Foods like the following that are high in probiotics also benefit your gut microbiome:
- Low-fat, plain organic yogurt
- Fermented vegetables like kimchi or sauerkraut
- Fermented soybeans (miso)
- Kombucha tea
- Kefir (fermented milk drink)
Getting Enough Fiber for Optimum Health
Since it’s sometimes difficult to eat enough foods rich in fiber, a well-researched prebiotic supplement like Prebiotin® Prebiotic Fiber can be an excellent source of daily prebiotic fiber so you get enough fiber for optimal health.
A healthy diet of foods high in prebiotic fiber, supported by a daily dose of Prebiotin, is not only beneficial in preventing breast cancer.
Other potential benefits include lowered risk for:
- Intestinal infectious diseases
- Cardiovascular disease
- Non-insulin-dependent diabetes
- Other cancers, including colon cancer
There’s no day like today to make important changes to your diet to protect against breast cancer. Beneficial changes in your microbiota can take place within just a few weeks.
We want to help you help yourself reduce cancer risk!
For a personal perspective on breast cancer, please check out our blog by breast cancer survivor and former Prebiotin Director of Strategic Initiatives, Anne Mercer Larson: “Are You One? National Cancer Survivors Day.”
For more information about prebiotic fiber and breast cancer, check out “Why Prebiotics Might Help During & After Cancer Treatment.”
We’d like to add to our website your own story about your health challenges and how you’ve overcome them with the help of Prebiotin® Prebiotic Fiber. What life activities and work have you been able to enjoy again? Please share your story with us!
With your written permission, we’d like to tell your special success story on our website, on Facebook, and other social media. Your encouragement can help others facing cancer, IBS, Celiac Disease, Crohn’s Disease, and many other conditions. Or maybe you just believed you should feel better and have more energy.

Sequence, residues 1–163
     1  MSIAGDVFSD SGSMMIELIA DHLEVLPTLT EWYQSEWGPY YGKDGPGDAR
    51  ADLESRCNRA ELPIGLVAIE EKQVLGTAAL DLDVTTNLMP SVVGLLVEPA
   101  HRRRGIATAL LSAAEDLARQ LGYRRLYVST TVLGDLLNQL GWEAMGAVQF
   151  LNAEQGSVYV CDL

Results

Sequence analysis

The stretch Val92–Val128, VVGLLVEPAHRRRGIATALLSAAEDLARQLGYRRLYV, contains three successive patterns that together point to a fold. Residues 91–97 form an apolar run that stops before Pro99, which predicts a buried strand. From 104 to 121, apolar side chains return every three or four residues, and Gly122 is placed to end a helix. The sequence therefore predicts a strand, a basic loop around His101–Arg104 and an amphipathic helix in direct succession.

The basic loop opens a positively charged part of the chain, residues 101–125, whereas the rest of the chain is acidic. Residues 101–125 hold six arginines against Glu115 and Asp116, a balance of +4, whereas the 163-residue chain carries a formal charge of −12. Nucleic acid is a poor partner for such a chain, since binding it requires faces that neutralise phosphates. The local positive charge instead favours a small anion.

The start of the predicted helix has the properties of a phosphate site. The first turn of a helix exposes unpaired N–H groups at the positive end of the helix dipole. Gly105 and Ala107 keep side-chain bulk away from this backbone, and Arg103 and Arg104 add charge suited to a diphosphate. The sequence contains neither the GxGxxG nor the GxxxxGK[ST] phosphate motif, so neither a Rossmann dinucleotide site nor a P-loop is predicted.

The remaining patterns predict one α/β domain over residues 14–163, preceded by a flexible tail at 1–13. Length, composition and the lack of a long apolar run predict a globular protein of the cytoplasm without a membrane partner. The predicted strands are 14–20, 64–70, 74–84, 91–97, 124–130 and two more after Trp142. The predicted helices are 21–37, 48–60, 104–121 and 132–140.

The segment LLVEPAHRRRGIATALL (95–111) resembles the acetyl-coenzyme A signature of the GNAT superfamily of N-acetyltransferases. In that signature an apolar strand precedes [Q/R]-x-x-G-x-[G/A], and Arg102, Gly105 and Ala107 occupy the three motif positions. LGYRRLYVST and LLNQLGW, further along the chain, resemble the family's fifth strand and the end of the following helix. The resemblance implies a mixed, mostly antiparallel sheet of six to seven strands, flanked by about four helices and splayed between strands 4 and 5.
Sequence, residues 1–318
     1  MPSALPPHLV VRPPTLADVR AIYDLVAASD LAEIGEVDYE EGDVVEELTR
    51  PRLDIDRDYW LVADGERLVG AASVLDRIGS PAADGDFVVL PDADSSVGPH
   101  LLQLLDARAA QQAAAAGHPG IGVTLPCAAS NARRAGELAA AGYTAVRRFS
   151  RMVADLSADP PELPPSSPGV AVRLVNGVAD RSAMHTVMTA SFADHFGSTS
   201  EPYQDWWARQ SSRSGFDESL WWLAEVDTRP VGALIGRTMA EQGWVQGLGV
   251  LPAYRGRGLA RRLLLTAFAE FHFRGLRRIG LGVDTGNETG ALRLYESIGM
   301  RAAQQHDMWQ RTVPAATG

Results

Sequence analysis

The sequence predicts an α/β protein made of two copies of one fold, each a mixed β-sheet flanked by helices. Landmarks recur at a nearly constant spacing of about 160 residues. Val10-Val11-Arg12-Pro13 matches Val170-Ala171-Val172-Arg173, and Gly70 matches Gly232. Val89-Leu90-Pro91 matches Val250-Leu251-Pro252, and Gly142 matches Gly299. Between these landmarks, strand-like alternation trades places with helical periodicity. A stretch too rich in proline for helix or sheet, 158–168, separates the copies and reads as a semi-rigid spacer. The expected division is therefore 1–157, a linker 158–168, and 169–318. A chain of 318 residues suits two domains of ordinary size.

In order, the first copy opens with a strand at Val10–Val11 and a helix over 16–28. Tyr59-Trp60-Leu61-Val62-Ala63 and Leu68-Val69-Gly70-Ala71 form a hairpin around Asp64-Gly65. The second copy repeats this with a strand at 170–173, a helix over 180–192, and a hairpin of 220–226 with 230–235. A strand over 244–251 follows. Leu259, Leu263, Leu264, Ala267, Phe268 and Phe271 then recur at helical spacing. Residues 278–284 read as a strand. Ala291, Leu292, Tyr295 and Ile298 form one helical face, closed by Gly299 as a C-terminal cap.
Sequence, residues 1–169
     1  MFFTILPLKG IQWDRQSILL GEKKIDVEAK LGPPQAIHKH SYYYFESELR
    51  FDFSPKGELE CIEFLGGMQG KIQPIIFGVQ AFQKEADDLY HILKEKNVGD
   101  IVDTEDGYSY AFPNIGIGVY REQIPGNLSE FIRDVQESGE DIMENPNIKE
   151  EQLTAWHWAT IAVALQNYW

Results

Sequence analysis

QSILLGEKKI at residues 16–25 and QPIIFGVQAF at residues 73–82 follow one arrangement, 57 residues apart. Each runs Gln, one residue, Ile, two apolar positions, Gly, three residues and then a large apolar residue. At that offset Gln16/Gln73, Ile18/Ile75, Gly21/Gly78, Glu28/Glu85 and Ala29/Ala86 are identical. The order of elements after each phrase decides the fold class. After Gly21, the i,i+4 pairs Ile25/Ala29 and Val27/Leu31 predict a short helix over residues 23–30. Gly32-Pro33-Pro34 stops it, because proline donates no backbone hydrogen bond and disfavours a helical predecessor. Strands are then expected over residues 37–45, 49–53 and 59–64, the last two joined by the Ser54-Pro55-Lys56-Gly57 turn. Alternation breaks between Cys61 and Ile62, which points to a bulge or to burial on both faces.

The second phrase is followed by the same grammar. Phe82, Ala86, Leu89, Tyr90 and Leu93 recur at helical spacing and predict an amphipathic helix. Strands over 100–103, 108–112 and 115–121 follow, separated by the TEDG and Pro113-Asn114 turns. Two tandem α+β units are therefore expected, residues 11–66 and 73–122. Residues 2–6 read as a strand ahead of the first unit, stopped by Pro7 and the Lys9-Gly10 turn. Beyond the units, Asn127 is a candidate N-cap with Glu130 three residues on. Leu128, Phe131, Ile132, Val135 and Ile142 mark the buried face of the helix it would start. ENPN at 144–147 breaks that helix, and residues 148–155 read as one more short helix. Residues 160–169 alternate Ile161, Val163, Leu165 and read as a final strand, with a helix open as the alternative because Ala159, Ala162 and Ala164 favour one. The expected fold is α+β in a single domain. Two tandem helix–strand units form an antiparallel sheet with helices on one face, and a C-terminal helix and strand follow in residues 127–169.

- Barney, Joshua. Unhealthy gut promotes spread of breast cancer, study finds. Medical press, University of Virginia. June 10, 2019. Accessed Sept 20, 2019.
- Belkaid Y, Hand TW Role of the microbiota in immunity and inflammation. Cell. 2014 Mar 27;157(1):121-41. doi: 10.1016/j.cell.2014.03.011.
- Islami F, Sauer AG, Miller KD, et al. Proportion and number of cancer cases and deaths attributable to potentially modifiable risk factors in the United States. CA: A Cancer Journal for Clinicians. January/February 2018; 68(1):31-54.
- Lobo V, Patil A, Phatak A, and Chandra N. Free radicals, antioxidants and functional foods: Impact on human health. Pharmacogn Rev. 2010 Jul-Dec; 4(8): 118–126.
- Shively CA, Register TC, Appt SE, et al. Consumption of Mediterranean versus Western Diet 24(1): 47-56.E3.
- Underferth, Danielle. Which foods can reduce inflammation? The University of Texas MD Anderson Cancer Center. September 2017. Accessed Sept 23, 2019.
- Xuan C, Shamonki JM, Chung A, et al. Microbial Dysbiosis Is Associated with Human Breast Cancer. PLoS One. 2014; 9(1): e83744.
- Yoo BB, Mazmanian SK. The Enteric Network: Interactions between the Immune and Nervous Systems of the Gut. Immunity. 2017 Jun 20;46(6):910-926. doi: 10.1016/j.immuni.2017.05.011.
- American Cancer Society: Choosing Your Treatment Team
- American Cancer Society: Survivorship Resource Center
- Be a Survivor: Your Guide to Breast Cancer Treatment
- BCRF: Breast Cancer Research Foundation Resources
- CDC: Cancer Prevention & Control
- Dietary Choices to Prevent Breast Cancer
- Eating Unhealthy Food
- Eating Well During and After Your Cancer Treatment (Memorial Sloan Kettering Cancer Center)
- NIH: National Cancer Institute Resources for Patients
- Nutrition and Breast Cancer NCI Support For People With Cancer – Eating Hints: Before, During and After Cancer Treatment
- Stanford Medicine Nutrition and Cancer
- The Truth About Cancer® Prebiotics and Probiotics: Why You Need Both For a Healthy Gut
- True Health Initiative https://www.
Reminder: Please work with your oncology specialist to ensure that any supplements you take are appropriate for your cancer type and will not conflict with any medications or treatments prescribed.
Prebiotin® is not intended to treat, cure, or prevent any disease. This website does not diagnose illnesses.